18. Françoise Lemoine, 1996. "Trade Policy and Trade Patterns During Transition: a Comparison Between China and the CEECs," Working Papers 1996-02, CEPII research center.
    19. Djankov, Simeon & Hoekman, Bernard, 1996. "Intra-Industry Trade, Foreign Direct Investment and the Reorientation of East European Exports," CEPR Discussion Papers 1377, C.E.P.R. Discussion Papers.
    20. Fidrmuc, Jarko & Helmenstein, Christian & Huber, Peter, 1995. "Investigating Disaggregate East-West Trade Data: The Reshaping of the International Division of Labor," East European Series 23, Institute for Advanced Studies.
    21. Gabor Hunya & Sandor Richter & Roman Stöllinger, 2010. "Monthly Report No. 1/2010," wiiw Monthly Reports 2010-01, The Vienna Institute for International Economic Studies, wiiw.
    22. Drábek, Zdenek & Smith, Alasdair, 1995. "Trade Performance and Trade Policy in Central and Eastern Europe," CEPR Discussion Papers 1182, C.E.P.R. Discussion Papers.
    Full references (including those not matched with items on IDEAS)

    Citations

    Citations are extracted by the CitEc Project, subscribe to its RSS feed for this item.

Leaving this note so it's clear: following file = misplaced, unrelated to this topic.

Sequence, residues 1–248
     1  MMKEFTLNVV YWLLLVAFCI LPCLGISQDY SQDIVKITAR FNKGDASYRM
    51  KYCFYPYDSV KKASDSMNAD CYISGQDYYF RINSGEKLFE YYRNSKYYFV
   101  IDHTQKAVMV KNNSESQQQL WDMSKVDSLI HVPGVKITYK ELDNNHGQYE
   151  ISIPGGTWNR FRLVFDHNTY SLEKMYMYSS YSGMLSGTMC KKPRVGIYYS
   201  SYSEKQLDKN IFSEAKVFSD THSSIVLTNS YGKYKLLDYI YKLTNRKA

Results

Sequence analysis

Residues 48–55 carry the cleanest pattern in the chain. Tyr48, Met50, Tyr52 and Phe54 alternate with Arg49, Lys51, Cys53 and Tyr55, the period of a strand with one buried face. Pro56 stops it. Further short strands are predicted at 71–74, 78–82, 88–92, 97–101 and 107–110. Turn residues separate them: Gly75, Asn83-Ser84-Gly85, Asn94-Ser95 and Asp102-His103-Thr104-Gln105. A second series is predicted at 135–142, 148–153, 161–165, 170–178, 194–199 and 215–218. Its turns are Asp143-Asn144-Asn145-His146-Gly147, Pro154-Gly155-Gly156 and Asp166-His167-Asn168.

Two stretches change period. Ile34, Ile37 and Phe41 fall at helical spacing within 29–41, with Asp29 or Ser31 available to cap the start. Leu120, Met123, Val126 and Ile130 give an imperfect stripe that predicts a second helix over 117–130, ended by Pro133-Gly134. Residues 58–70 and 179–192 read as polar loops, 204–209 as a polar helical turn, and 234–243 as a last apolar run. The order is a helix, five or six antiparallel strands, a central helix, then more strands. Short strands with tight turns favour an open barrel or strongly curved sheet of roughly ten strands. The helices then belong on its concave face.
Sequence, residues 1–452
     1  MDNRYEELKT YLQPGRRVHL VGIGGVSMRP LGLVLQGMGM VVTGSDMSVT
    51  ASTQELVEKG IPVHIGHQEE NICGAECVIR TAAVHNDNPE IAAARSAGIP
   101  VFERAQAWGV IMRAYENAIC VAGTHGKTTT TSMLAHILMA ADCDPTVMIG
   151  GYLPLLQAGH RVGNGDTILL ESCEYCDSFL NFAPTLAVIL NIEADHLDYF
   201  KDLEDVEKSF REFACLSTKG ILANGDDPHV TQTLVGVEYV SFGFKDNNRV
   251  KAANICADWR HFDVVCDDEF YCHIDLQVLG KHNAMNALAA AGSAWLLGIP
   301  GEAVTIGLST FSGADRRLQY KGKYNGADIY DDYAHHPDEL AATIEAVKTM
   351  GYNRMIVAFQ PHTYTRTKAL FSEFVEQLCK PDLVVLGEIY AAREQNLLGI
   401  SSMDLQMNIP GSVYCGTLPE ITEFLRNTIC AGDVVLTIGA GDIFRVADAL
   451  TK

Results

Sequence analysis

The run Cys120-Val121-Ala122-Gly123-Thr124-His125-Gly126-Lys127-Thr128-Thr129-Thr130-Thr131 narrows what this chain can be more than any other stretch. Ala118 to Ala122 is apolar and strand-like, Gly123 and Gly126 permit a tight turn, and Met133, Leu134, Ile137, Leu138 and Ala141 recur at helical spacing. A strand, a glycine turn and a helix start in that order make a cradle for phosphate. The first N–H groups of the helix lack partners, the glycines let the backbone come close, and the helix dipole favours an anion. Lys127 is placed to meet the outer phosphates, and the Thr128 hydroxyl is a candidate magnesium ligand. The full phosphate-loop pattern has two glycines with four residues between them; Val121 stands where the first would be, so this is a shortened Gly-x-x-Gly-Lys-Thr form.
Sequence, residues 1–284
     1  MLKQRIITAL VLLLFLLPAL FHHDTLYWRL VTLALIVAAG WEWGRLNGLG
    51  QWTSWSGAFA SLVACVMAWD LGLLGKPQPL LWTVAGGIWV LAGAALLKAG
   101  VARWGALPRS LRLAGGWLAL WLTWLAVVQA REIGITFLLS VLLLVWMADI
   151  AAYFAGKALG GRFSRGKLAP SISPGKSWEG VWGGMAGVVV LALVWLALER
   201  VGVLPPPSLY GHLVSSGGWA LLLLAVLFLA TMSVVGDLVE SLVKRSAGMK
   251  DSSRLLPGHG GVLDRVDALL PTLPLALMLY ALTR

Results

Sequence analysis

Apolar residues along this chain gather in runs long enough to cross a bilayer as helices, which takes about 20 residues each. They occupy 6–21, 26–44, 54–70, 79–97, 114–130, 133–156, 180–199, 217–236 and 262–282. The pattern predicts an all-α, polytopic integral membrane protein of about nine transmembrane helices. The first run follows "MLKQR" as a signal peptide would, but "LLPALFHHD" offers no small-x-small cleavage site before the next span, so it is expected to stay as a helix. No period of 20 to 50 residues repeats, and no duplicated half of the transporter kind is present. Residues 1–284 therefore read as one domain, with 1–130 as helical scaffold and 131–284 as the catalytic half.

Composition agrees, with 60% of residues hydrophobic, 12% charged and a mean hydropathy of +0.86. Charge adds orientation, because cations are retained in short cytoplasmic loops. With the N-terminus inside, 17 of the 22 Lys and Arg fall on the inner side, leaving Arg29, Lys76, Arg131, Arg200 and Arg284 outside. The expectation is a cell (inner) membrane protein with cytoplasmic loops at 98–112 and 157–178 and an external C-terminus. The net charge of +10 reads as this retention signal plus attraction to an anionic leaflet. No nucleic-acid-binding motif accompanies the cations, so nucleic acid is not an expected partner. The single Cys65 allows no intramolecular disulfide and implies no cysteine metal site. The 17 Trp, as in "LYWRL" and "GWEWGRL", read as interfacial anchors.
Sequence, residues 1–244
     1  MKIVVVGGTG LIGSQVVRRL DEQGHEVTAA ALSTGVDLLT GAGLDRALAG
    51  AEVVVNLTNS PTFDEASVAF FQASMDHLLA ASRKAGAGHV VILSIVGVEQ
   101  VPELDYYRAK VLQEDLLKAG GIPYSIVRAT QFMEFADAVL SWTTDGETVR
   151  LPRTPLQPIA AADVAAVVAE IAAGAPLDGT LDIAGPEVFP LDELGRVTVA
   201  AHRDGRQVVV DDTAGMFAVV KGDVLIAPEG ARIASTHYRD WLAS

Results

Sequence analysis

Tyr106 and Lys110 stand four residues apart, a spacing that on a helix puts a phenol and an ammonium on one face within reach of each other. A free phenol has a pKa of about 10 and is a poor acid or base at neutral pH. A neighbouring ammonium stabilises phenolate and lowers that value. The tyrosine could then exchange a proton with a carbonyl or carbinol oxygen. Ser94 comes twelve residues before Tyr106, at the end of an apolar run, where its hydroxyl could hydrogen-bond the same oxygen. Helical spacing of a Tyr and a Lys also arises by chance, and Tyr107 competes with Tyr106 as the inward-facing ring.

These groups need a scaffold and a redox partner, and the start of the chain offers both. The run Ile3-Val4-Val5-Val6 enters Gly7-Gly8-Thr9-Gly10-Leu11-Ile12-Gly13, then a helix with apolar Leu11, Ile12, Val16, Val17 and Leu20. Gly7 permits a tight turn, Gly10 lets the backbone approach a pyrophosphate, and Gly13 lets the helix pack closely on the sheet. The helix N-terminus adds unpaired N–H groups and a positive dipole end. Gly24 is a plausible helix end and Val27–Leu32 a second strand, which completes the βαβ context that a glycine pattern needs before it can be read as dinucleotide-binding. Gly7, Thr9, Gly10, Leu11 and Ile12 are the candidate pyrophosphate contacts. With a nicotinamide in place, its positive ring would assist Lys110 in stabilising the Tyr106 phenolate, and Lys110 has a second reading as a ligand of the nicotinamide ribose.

as


    Cited by:

    1. Robert Breunig & Sandrine Rospabe, 2005. "Parametric vs. semi-parametric estimation of the male-female wage gap: An application to France," ANU Working Papers in Economics and Econometrics 2005-458, Australian National University, College of Business and Economics, School of Economics.
    2. Anna M. Falzoni & Alessandra Venturini & Claudia Villosio, 2004. "Wage Differentials and International Trade in Italy Using Individual Micro Data 1991-1996," Development Working Papers 190, Centro Studi Luca d'Agliano, University of Milano.
    3. Heinze, Anja & Beninger, Denis & Beblo, Miriam & Laisney, François, 2003. "Measuring Selectivity-Corrected Gender Wage Gaps in the EU," ZEW Discussion Papers 03-74, ZEW - Zentrum für Europäische Wirtschaftsforschung / Center for European Economic Research.